Deepen Donor Relationships: Make Each Donor Feel Important
If you are a regular Bedrocks & Beacons reader (thank you very much!), you know that I am a proponent of research, planning and the right implementation in fundraising. One of the benefits of having a fundraising plan—from a major campaign, to an annual campaign, to overall advancement—is that systems are in place to deepen donor relationships.
Without a plan based on research and properly implemented—and monitoring is a big part of implementation—you can fail to connect with donors.
Each donor is important and deserves to feel valued and appreciated by your organization. Each donor needs to know of the life-changing and/or life-saving impact of his or her gift investment.
Too often, organizations blow relationships with donors large and small. And, too often, it is a lack of details, communication and listening that does them in.
Recently, I read of a major bequest—nearly $100 million—to an independent school. I was excited for the school, but sad for a former client whom I knew was, at one time, to share in that gift. However, that relationship soured, and I was an unfortunate observer.
The donor had made a seven-figure gift to our client and preferred to remain anonymous. Adding in a future planned gift, the donation could have been even more, but our client’s CEO—more concerned with his ego and getting credit than developing a deep donor relationship—made some serious mistakes.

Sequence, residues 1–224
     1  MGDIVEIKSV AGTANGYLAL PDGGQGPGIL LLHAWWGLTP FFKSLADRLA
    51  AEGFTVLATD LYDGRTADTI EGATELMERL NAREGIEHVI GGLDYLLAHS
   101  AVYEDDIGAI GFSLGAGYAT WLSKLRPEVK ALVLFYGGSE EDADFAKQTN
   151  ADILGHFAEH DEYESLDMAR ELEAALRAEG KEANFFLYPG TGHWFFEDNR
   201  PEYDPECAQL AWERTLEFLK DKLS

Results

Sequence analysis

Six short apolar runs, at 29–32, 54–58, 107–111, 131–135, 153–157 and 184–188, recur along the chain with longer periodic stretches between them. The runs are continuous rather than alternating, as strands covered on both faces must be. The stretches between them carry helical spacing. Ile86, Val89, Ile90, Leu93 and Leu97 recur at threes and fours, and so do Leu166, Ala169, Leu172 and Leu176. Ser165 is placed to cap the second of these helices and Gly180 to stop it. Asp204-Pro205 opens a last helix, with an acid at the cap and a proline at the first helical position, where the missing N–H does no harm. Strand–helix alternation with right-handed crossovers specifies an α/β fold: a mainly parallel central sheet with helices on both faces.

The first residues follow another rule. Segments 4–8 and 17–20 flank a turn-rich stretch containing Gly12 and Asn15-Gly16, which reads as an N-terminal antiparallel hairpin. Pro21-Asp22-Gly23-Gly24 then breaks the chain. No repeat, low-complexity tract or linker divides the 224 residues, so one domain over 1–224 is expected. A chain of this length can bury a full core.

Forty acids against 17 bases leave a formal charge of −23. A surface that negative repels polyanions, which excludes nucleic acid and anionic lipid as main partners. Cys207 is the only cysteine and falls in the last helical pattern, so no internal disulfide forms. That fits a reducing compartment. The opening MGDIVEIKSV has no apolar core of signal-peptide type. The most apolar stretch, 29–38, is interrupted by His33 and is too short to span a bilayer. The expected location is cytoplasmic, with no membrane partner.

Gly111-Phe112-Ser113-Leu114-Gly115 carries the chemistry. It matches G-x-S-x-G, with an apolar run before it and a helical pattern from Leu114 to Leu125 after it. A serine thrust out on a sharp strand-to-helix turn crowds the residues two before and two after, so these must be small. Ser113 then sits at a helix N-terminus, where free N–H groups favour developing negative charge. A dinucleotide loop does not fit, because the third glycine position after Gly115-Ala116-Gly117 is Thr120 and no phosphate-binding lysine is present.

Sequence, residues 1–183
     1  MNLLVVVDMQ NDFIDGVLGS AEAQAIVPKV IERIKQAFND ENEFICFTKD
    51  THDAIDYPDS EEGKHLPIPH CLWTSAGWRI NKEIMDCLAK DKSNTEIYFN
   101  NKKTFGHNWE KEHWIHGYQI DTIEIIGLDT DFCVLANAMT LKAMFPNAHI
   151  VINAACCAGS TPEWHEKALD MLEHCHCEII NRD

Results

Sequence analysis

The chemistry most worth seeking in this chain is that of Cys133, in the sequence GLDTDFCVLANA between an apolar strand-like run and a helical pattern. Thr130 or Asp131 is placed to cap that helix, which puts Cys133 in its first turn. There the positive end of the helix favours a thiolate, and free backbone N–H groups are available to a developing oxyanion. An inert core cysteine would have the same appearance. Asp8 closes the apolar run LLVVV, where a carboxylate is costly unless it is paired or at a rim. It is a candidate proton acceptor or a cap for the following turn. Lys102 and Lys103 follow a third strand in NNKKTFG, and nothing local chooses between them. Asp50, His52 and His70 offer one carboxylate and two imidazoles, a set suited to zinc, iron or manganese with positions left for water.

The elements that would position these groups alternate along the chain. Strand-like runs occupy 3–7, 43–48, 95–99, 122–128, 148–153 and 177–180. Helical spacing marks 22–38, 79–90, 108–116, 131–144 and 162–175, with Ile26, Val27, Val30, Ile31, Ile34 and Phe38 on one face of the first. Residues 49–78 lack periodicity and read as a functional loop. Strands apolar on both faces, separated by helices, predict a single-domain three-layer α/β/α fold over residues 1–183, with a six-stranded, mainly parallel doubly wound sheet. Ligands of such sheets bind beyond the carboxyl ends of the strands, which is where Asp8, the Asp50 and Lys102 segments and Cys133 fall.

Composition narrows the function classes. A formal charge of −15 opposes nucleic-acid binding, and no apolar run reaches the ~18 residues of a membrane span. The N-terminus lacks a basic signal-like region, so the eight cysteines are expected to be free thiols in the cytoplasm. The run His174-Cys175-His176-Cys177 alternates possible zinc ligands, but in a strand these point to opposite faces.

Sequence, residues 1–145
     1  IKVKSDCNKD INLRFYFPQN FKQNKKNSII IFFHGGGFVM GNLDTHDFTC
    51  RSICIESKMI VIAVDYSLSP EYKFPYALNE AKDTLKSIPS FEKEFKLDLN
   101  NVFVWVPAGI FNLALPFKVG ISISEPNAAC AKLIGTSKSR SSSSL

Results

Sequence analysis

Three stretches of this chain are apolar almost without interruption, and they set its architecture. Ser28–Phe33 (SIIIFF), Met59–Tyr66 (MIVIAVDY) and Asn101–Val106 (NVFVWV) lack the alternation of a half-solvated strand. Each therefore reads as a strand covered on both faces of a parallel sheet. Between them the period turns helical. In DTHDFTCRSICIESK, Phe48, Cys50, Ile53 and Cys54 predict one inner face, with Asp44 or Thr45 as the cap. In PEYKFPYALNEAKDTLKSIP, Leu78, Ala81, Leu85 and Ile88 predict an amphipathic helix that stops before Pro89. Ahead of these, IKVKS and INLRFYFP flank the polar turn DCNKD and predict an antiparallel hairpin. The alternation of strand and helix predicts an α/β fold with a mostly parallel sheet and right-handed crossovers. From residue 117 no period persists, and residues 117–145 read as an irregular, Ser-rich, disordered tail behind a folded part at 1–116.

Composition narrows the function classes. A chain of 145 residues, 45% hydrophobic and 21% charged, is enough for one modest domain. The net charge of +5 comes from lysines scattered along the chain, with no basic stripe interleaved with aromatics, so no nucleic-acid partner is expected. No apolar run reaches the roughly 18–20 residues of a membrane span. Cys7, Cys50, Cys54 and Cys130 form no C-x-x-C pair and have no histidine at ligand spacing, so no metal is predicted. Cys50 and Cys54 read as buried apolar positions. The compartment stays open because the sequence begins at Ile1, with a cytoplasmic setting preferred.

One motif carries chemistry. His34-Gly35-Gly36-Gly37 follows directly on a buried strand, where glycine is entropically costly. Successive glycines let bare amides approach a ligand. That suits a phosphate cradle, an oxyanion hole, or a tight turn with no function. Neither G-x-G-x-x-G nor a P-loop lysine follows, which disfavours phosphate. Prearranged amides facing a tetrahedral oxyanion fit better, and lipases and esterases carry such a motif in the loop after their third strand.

The CEO, who was famous—probably infamous—for not listening, put the donor’s name on the building without the donor’s permission. The donor protested repeatedly, and ultimately it took a call to the CEO, threatening to cancel the gift if his name did not disappear right away. Finally, the CEO listened. A short time later, the CEO was embroiled in turmoil as his senior staff turned on him, and the organization’s culture imploded. A few years later the board finally announced his early “retirement.”
During this turmoil and the subsequent leadership transition, no one was focused on this donor relationship, and the planned gift that the donor had self-identified obviously disappeared. There was repeated turnover in senior development leadership, institutional memory was lost and no one was focused on this major relationship.
In another sad example, friends of mine made the largest gift ever to a college and quietly named a building in honor of a college leader. But when it came time for the groundbreaking, the donors weren’t there. Why? The college failed to check the donors’ calendars and scheduled the groundbreaking at a time when they couldn’t attend. And once the oversight was discovered, the college then failed to move the groundbreaking to a time when the donors could be present.
If large organizations can drop the ball on major gift relationships as in these examples, how carefully do they steward smaller gifts or nurture relationships with donors of any size?
Be sure that you have plans to reach out to donors at all levels and to bring them closer to your mission and your organization. Make it as tailored and personal as possible. Engage your staff and volunteers—and those who benefit from the donations in these plans. And keep it fun! Celebrate each donor and each gift.
Looking for Jeff? You'll find him either on the lake, laughing with good friends, or helping nonprofits develop to their full potential.
Jeff believes that successful fundraising is built on a bedrock of relevant, consistent messaging; sound practices; the nurturing of relationships; and impeccable stewardship. And that organizations that adhere to those standards serve as beacons to others that aspire to them. The Bedrocks & Beacons blog will provide strategic information to help nonprofits be both.
Jeff has more than 25 years of nonprofit leadership experience and is a member of the NonProfit PRO Editorial Advisory Board.